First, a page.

September 05, 2013

I’m a Candy Crush addict, but from afar. There’s no version available for my Windows Phone, so I play on my better half’s tablet. I’m limited to early mornings, nights, and weekends. But who am I kidding, if there was a Windows Phone version it would be on my phone the first day.

This is why King – makers of Candy Crush – is my newest example of a company that gets it. King has created a simple game that generates revenue from its players and not advertisers. A reporter recently chronicled a week with Candy Crush, where they spent $127 on additional lives/moves. With a 100MM+ players, some who buy lives/moves and some who proceed organically (but still pay $0.99 per section), that’s a windfall every week. That’s how you grow a business.

The world is littered with struggling/failed businesses that didn't grasp the simplest concept of business – without revenue even the best ideas/products/services will eventually fall by the wayside. The last pitch contest I attended frustrated me to no end. There were eight participants – all online businesses – and not one had plans for a revenue stream outside of advertisers. That model has proven a dead end (Google & Facebook being exceptions). Jeff Bezos said as much when addressing The Washington Post staff for the first time (and he’s a lot smarter than me about these things).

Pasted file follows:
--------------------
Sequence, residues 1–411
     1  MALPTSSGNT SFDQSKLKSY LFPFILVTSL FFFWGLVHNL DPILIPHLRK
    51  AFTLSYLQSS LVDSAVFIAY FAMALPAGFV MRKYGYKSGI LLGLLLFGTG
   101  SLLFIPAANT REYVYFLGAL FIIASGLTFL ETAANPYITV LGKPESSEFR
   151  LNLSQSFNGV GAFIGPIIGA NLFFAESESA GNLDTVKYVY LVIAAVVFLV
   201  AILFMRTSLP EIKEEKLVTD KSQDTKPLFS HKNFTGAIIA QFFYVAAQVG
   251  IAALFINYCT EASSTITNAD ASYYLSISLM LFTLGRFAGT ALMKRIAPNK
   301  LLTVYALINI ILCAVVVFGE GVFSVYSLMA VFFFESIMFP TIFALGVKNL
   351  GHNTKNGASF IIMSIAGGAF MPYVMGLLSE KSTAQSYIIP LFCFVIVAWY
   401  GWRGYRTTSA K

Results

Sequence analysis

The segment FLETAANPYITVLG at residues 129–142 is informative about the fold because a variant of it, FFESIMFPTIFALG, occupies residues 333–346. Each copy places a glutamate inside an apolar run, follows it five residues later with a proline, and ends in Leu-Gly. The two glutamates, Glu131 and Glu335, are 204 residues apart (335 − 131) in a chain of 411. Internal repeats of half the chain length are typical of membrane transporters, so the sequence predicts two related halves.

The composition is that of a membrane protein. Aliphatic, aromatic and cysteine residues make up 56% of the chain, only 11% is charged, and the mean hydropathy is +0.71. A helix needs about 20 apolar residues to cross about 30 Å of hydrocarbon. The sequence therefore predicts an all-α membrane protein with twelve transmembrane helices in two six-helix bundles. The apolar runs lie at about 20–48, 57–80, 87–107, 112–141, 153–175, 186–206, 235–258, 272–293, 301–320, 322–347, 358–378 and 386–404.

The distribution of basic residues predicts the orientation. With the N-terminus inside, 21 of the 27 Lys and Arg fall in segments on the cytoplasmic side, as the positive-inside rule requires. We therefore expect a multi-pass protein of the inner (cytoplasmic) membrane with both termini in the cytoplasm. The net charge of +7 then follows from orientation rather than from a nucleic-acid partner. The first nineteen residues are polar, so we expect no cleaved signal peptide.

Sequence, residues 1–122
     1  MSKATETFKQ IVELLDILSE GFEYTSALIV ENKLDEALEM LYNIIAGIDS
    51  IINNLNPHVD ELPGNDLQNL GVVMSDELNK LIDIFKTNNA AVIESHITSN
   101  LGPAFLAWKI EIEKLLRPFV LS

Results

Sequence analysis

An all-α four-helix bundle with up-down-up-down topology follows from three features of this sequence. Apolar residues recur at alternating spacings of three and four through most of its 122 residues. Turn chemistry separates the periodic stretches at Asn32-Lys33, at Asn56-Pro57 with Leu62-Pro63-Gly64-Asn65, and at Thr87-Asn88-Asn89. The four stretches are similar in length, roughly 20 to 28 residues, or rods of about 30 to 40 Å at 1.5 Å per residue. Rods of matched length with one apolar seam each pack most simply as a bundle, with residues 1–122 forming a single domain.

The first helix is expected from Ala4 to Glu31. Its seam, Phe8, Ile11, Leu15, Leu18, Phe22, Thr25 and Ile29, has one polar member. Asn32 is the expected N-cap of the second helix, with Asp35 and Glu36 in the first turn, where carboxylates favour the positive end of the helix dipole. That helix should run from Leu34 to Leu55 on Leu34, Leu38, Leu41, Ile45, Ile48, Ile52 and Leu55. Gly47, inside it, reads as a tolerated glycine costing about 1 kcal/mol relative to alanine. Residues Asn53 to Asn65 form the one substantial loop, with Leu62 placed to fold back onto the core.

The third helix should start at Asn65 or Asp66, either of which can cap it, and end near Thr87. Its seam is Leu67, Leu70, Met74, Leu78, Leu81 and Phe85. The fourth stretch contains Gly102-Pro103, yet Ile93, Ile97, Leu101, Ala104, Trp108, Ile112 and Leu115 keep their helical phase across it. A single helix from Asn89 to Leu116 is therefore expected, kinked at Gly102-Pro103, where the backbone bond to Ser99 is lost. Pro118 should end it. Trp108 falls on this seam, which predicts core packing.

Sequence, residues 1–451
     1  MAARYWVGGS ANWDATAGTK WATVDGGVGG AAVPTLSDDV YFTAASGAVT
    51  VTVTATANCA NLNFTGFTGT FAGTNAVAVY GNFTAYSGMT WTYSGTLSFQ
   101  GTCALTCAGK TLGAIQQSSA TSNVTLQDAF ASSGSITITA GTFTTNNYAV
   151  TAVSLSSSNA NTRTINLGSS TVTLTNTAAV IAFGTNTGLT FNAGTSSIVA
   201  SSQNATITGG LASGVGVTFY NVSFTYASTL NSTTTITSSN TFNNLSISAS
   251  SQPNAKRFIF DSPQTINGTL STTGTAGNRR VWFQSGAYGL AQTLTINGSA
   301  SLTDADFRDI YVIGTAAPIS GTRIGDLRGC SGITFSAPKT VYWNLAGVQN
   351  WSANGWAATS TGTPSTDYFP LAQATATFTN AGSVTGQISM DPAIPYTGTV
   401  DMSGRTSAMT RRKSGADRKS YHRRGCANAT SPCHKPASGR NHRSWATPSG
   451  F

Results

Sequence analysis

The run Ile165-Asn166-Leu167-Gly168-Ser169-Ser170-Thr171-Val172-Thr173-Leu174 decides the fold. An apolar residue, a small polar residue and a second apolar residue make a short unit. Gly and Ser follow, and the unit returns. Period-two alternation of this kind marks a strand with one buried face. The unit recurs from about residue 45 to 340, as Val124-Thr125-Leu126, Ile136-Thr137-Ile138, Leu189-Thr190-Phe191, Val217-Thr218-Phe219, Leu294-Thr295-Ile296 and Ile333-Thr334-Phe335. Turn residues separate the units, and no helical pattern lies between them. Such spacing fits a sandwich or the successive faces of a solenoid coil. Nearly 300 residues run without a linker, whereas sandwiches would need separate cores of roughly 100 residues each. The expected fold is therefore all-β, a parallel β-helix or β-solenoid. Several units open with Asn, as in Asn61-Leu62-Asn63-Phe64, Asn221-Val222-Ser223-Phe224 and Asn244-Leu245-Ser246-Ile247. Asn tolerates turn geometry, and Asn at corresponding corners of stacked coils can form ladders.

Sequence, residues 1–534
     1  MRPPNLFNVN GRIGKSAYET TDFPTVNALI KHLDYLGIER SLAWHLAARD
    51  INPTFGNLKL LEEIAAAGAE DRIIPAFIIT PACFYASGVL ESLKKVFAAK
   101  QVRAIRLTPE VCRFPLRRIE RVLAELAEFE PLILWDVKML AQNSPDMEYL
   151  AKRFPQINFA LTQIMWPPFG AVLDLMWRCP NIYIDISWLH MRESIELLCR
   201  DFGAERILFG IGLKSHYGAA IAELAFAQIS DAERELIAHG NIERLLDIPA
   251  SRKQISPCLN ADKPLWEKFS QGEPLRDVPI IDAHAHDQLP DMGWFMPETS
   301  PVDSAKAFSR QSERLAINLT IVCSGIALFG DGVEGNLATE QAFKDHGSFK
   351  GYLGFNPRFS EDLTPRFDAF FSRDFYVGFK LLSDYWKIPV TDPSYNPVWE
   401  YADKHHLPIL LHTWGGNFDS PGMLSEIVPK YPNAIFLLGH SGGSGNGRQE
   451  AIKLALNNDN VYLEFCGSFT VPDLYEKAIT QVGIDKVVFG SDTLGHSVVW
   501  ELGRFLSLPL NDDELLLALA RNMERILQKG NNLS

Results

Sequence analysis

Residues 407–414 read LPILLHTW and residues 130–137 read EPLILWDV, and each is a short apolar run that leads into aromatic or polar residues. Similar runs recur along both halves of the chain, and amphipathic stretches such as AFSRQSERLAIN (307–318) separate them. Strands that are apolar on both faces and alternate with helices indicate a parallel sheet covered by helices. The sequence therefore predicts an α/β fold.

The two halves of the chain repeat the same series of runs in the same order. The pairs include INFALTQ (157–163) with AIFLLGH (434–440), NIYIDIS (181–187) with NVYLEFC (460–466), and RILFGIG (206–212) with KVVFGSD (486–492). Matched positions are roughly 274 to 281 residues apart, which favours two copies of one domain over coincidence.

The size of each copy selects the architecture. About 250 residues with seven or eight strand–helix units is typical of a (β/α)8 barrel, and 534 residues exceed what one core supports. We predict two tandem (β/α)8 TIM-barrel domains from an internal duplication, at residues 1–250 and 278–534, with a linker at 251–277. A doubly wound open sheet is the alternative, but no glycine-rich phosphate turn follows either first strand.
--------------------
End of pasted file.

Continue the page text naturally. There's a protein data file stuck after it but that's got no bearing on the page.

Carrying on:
So kudos to King. Hopefully your future ventures will prove just as popular and profitable. Now, throw me a few extra moves as I’ve been stuck for three days.

Candy Crush: You play, you're hooked. Now what?

SCOR